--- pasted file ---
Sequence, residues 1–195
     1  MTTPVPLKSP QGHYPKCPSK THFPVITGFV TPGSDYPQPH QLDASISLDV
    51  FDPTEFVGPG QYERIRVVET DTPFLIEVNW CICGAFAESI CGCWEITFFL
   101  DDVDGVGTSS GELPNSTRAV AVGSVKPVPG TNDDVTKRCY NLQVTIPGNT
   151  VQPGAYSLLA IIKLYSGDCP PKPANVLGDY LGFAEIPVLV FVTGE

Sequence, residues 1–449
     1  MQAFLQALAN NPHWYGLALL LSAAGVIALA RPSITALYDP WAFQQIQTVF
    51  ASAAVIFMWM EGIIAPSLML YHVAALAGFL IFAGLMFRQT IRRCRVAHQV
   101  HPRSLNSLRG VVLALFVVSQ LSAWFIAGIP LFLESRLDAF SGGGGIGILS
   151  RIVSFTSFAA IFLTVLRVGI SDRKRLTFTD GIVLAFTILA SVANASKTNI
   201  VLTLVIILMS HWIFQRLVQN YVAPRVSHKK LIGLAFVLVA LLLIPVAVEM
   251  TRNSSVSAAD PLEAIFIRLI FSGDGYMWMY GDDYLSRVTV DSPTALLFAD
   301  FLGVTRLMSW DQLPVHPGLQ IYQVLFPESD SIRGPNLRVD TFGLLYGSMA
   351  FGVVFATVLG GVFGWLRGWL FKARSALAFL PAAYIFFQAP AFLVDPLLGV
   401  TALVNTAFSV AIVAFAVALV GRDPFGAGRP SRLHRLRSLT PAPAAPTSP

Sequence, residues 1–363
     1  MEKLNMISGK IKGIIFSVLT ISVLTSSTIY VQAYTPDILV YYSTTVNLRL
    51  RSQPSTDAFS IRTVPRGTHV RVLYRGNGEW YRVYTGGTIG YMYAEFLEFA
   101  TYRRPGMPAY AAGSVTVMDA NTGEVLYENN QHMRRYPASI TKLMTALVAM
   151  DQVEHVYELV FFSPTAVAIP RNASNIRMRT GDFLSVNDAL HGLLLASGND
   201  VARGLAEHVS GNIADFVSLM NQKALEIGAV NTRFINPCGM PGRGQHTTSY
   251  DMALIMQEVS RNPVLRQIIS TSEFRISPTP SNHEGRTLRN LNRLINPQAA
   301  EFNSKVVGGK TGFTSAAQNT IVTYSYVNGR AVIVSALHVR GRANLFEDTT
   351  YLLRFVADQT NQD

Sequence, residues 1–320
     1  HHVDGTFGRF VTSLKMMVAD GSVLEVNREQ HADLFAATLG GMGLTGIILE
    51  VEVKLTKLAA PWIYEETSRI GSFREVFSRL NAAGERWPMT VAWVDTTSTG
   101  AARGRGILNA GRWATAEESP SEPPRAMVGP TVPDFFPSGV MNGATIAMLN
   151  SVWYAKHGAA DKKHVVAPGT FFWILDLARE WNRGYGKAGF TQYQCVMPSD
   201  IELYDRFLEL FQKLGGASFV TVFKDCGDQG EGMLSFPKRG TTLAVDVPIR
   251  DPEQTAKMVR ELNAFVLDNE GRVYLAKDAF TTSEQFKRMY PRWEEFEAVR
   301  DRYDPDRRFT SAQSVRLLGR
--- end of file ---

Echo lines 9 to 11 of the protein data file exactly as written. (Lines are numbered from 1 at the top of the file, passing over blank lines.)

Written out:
   101  HPRSLNSLRG VVLALFVVSQ LSAWFIAGIP LFLESRLDAF SGGGGIGILS
   151  RIVSFTSFAA IFLTVLRVGI SDRKRLTFTD GIVLAFTILA SVANASKTNI
   201  VLTLVIILMS HWIFQRLVQN YVAPRVSHKK LIGLAFVLVA LLLIPVAVEM